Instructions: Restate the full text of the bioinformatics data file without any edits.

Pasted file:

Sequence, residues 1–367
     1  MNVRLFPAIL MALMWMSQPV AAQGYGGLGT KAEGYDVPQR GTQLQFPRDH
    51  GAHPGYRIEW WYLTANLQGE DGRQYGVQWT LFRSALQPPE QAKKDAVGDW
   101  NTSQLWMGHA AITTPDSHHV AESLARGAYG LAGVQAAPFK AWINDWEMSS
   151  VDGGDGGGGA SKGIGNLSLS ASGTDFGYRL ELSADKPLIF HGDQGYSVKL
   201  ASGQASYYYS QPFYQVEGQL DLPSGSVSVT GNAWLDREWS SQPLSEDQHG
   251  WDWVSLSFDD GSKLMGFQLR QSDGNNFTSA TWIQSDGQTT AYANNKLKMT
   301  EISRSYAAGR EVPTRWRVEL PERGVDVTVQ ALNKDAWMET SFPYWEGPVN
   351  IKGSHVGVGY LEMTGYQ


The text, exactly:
Sequence, residues 1–367
     1  MNVRLFPAIL MALMWMSQPV AAQGYGGLGT KAEGYDVPQR GTQLQFPRDH
    51  GAHPGYRIEW WYLTANLQGE DGRQYGVQWT LFRSALQPPE QAKKDAVGDW
   101  NTSQLWMGHA AITTPDSHHV AESLARGAYG LAGVQAAPFK AWINDWEMSS
   151  VDGGDGGGGA SKGIGNLSLS ASGTDFGYRL ELSADKPLIF HGDQGYSVKL
   201  ASGQASYYYS QPFYQVEGQL DLPSGSVSVT GNAWLDREWS SQPLSEDQHG
   251  WDWVSLSFDD GSKLMGFQLR QSDGNNFTSA TWIQSDGQTT AYANNKLKMT
   301  EISRSYAAGR EVPTRWRVEL PERGVDVTVQ ALNKDAWMET SFPYWEGPVN
   351  IKGSHVGVGY LEMTGYQ